March 23, 2015

Pharmaceutical Theft is a Big and Bitter Pill to Swallow

Pharmaceutical theft in the United States is a story of dichotomy. A small number of high-value thefts from warehouses and of full truck loads (FTL) perpetrated by organized criminal enterprises contrast with more frequent, loosely planned or opportunistic thefts by street criminals of “last mile delivery” vehicles. The 2010 theft of $80M in prescription drugs from the Connecticut warehouse of a global pharmaceutical company remains the largest in the state’s history and the biggest of its kind in US history. Robberies – thefts in which delivery drivers are confronted and threatened – are more frequent in the last mile segment of the pharmaceutical supply chain. And they are on the rise.

According to the 2013 Global Cargo Theft Threat Assessment from the FreightWatch International Supply Chain Intelligence Center, the pharmaceutical industry has a history of some of the highest average loss values in cargo theft. The report states, “In recent years, however, the average load loss value in this sector has dropped dramatically from $3.78 million in 2010 to $168,219 in 2012. Pharmaceuticals are enjoying both the lowest number of incidents as well as the lowest average value per incident recorded by this industry since the beginning of FreightWatch data collection.”

Chuck Forsaith is Chairman of The Pharmaceutical Cargo Security Coalition (PCSC), an organization comprised of pharmaceutical industry professionals, law enforcement and government entities, cargo insurers, carriers and risk management advocates dedicated to preventing theft of pharmaceutical products in transit. He is also Director of Pharmaceutical Supply Chain Security at Purdue Pharma Technologies. Forsaith concurs with the FrieghtWatch findings. “PCSC members have seen a significant drop in FTL and greater than $1M losses over the past several years; down from more than 40 in 2009.” The reduction in high-value thefts is attributed to several factors: Cooperation among industry and local, state and federal law enforcement agencies; the dissolution of many organized crime rings responsible, and;  adoption of enhanced security procedures, technologies and services by the pharmaceutical industry.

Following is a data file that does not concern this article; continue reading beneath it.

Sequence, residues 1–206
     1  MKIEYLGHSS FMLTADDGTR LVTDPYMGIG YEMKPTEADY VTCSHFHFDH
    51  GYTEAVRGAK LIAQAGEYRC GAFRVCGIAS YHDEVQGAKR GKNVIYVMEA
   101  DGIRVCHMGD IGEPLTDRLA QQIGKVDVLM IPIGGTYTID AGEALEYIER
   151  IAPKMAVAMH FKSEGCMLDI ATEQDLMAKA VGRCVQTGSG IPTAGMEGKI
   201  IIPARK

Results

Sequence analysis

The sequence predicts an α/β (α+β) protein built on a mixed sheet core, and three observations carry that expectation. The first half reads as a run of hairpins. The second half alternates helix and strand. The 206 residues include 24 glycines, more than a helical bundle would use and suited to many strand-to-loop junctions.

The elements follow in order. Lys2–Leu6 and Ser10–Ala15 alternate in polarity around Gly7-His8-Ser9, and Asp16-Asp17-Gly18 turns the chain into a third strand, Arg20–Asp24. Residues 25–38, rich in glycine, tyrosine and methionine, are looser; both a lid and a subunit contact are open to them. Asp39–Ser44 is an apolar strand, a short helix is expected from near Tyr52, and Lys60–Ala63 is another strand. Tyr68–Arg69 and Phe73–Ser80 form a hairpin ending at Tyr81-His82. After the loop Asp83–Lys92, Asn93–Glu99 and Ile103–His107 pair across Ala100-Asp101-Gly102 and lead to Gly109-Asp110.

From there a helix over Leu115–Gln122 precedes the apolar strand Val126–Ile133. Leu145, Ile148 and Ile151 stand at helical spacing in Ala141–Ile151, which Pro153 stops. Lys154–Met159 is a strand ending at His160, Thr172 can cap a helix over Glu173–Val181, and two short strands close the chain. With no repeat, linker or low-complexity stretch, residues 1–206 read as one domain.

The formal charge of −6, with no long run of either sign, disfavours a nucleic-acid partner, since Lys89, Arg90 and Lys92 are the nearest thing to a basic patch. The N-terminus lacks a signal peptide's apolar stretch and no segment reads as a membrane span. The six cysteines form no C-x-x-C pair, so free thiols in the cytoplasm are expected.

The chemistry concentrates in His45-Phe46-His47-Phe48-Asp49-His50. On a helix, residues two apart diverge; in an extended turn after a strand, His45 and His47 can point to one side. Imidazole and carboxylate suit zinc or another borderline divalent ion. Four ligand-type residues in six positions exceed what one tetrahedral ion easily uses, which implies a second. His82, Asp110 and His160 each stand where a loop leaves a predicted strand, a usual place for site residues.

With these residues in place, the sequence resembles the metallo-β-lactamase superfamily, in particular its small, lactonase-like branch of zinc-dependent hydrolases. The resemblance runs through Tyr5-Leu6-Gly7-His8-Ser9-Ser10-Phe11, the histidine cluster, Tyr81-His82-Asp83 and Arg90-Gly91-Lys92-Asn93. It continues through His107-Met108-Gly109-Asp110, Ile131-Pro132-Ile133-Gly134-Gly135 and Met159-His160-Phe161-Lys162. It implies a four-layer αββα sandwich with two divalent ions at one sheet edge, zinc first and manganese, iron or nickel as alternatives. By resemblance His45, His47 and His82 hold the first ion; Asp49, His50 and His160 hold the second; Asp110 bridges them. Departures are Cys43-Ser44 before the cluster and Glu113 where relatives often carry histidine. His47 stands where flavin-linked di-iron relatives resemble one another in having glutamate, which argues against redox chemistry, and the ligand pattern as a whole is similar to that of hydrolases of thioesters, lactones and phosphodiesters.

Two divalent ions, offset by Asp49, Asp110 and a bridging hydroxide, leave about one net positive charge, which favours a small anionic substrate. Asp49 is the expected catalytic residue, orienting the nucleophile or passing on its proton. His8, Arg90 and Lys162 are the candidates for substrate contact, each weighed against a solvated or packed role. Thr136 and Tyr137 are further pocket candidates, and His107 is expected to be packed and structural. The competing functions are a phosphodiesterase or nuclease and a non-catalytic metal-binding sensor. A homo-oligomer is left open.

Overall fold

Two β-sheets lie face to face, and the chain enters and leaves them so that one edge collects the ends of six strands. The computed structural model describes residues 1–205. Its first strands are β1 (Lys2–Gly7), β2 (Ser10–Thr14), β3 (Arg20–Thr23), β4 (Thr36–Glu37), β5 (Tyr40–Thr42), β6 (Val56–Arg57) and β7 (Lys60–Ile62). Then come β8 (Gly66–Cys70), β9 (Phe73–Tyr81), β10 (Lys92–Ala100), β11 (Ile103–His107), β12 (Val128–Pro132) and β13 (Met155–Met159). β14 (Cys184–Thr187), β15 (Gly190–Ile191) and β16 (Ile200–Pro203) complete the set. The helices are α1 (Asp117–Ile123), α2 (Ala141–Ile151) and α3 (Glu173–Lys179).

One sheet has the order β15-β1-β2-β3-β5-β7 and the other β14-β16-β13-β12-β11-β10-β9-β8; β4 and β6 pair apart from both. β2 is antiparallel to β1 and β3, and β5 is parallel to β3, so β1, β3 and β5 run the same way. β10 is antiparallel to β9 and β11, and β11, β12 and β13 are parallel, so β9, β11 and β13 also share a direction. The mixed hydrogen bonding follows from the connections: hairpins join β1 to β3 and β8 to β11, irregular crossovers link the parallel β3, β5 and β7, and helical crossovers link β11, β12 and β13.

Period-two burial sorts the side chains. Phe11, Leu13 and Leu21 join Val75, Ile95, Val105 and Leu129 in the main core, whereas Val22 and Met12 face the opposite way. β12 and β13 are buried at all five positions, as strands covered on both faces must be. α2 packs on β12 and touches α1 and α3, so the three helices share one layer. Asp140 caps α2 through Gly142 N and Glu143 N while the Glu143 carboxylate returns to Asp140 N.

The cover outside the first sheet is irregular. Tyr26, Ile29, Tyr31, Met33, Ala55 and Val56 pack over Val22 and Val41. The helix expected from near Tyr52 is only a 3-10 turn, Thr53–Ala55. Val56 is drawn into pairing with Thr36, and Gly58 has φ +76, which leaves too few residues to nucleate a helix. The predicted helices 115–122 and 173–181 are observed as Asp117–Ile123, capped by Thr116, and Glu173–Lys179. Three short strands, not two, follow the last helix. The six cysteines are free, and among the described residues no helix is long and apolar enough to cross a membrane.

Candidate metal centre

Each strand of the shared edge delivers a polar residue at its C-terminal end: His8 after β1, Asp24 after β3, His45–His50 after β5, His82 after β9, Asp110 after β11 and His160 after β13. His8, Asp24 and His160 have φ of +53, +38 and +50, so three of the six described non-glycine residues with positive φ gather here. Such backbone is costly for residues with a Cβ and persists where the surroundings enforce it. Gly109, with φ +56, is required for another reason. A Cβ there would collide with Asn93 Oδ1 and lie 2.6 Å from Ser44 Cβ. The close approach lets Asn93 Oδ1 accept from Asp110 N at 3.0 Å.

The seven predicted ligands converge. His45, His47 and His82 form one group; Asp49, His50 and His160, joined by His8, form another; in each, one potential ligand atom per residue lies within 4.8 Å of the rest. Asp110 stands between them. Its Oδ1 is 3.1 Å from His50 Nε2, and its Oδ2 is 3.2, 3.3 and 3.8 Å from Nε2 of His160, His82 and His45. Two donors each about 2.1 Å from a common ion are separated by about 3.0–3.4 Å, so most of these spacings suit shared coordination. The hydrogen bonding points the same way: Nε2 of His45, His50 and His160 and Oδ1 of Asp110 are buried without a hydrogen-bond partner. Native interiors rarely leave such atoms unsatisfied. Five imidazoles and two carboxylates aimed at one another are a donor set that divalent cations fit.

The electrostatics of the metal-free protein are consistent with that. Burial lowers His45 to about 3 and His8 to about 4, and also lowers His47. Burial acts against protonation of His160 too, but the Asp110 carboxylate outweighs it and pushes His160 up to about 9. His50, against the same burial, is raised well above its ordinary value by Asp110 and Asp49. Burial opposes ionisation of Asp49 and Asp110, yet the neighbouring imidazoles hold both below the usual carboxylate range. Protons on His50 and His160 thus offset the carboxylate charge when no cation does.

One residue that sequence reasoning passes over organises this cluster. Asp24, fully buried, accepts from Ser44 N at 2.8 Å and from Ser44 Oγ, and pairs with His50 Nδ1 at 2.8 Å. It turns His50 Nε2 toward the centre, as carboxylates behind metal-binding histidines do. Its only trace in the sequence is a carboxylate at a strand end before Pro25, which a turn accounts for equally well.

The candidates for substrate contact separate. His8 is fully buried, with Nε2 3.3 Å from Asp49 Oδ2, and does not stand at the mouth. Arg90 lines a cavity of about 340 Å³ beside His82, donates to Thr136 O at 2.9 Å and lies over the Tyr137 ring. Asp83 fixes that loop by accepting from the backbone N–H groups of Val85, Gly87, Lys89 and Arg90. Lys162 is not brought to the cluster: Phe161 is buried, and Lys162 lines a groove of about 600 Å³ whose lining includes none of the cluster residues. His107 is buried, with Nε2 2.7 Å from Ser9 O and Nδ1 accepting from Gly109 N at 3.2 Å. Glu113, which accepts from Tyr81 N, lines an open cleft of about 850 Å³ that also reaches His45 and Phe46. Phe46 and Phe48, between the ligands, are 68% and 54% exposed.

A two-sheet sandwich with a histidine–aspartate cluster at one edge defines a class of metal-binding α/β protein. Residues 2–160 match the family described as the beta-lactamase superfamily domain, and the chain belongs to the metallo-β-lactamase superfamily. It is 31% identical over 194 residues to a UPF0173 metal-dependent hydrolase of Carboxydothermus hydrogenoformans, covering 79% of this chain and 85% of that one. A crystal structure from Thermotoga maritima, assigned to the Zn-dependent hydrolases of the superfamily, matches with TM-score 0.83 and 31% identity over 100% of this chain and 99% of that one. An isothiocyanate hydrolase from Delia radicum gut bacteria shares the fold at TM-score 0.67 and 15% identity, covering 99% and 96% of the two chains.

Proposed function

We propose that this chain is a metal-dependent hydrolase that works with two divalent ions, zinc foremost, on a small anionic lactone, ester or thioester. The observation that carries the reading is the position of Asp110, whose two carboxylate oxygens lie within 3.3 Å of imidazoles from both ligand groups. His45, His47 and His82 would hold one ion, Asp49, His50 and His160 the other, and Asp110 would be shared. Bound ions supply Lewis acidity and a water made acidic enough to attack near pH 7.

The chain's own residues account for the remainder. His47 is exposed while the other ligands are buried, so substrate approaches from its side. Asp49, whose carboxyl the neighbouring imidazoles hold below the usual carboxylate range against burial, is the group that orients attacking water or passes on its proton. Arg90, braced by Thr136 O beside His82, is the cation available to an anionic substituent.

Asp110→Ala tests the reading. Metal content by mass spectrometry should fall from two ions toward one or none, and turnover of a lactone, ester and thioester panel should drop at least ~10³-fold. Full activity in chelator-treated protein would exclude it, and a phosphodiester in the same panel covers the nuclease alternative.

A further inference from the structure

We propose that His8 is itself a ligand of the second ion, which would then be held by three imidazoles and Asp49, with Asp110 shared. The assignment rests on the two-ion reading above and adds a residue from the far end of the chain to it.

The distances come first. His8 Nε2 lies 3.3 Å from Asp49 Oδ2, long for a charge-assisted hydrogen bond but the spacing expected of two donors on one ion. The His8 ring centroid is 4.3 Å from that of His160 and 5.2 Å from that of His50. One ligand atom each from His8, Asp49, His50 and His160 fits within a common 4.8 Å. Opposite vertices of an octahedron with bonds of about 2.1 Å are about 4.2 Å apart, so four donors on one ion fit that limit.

Last mile deliveries remain vulnerable and incidents are trending up, more than doubling in some parts of the United States. Poor procedures and lax policies are contributing factors. Vehicles left unattended while the operator takes a rest or meal stop are soft targets. “Common sense dictates that a vehicle containing controlled substances should never be unguarded. But some transportation providers use solo drivers. These people will, of course, need breaks. That is understandable, but is also problematic,” said Forsaith. “Two-person teams are recommended so that the vehicle and cargo are always under visual surveillance. Uniformed, armed teams are visual deterrents and are being considered by more parties in the pharma supply chain.”

Emerging Developments

Forsaith identifies four industry trends in 2015 and 2016:

  • Wider availability of climate controlled cargo areas to protect the quality of drugs during shipment. “Many members of the PCSC and others in pharmaceutical logistics are aware that that the FDA will eventually require more stringent monitoring and reporting of environmental conditions to which prescription drugs, OTC drugs and raw materials were subject during transport. I think we will see an increase in demand for and availability of transportation services that provide multiple climate options within one vehicle,” he said.
  • Rising value of drug shipments. The production of high-value biopharmaceuticals, in particular, has increased.
  • Closer scrutiny of transportation services providers, including deeper background checks and an increasing importance on certifications from regulatory bodies such as US Customs and Border Protection and Transportation Security Administration (TSA).
  • Pharmaceutical manufacturers, wholesalers and retailers investment in long-term relationships with preferred transportation service providers. “We will see a continuing move to treat transportation companies as part of the team, commensurate with their integral role in the pharmaceutical supply chain,” said Forsaith. “There will be more information sharing between the industry and companies that move our products. This is critical as shipment values increase, new regulatory requirements emerge, and transportation providers cope with a shortage of drivers.”

These trends underscore the need for more advanced pharmaceutical transportation services that better protect the security and integrity of increasingly valuable and fragile pharmaceuticals. Dunbar Armored is expanding services to meet the pharmaceutical industry’s requirements for technology-driven secure transportation partnerships. Please subscribe to receive the Dunbar blog via email or check back next week to learn about Dunbar Armored Pharmaceutical Secure Shipping.


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